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Police Departments Adopting Facial Recognition Tech Amid Allegations of Wrongful Arrests

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Robert Williams was arrested at his Farmington Hills, MI, home after a facial recogniton mis-identified him as having robbed a store in Detroit two years previously.

U.S. police departments continue to adopt facial recognition technology despite continuing complaints of wrongful arrests as a result of its use.

Credit: CBS News

U.S. police departments are adopting facial recognition technology, despite complaints of wrongful arrests as a result of its use.

Clare Garvie at Georgetown University Law's Center on Privacy and Technology thinks facial recognition has been involved in hundreds of thousands of such cases, in which users incorrectly assume the technology is faultless, given the mathematical basis of its matches.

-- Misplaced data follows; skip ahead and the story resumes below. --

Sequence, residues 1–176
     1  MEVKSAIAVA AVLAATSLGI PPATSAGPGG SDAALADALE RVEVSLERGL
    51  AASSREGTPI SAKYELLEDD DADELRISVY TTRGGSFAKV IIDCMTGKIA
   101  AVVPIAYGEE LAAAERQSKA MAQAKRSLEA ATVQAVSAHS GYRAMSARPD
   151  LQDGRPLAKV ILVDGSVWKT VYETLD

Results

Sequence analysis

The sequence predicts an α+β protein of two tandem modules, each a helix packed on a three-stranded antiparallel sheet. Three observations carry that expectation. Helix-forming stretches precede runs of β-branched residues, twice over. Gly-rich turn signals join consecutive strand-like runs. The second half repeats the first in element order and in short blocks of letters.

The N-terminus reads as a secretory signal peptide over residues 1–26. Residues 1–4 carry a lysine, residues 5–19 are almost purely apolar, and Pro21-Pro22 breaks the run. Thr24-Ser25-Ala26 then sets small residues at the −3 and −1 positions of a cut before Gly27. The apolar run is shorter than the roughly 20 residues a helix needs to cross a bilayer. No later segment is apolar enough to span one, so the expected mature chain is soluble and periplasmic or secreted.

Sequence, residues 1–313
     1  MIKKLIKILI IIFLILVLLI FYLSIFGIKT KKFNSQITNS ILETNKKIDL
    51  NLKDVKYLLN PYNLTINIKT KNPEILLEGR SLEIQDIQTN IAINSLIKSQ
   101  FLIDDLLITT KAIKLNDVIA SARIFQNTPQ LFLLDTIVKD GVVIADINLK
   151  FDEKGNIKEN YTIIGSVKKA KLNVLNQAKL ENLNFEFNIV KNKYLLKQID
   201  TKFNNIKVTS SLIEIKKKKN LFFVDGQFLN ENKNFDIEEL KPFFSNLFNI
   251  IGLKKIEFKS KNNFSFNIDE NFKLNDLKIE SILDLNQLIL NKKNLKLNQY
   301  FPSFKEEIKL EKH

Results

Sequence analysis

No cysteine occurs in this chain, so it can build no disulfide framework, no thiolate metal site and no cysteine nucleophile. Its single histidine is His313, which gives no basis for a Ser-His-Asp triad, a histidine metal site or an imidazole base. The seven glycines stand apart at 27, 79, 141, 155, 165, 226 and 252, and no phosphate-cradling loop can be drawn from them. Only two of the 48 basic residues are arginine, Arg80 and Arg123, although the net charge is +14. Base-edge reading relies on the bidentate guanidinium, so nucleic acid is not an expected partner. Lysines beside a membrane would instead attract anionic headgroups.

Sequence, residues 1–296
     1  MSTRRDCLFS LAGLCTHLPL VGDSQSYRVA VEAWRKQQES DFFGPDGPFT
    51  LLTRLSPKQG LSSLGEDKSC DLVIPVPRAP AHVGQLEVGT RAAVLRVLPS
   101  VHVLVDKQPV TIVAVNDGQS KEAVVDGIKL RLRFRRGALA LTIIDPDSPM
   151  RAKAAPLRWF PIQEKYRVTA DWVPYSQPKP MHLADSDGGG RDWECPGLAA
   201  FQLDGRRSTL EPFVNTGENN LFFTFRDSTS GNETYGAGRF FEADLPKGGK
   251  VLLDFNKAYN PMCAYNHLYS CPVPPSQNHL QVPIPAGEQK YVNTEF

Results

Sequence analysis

The U.S. National Institute of Standards and Technology's Patrick Grother evaluates prototype facial recognition algorithms, and his team published a landmark study which determined that many facial recognition algorithms found it difficult to distinguish between Black, Asian, and female faces.

Grother said false negatives arising from such errors could lead to wrongful arrests.

Since last summer, three Black men have sued for wrongful arrest involving facial recognition; said Garvie, “The fact that we only know of three misidentifications is more a product of how little we know about the technology than how accurate it is."

From 60 Minutes
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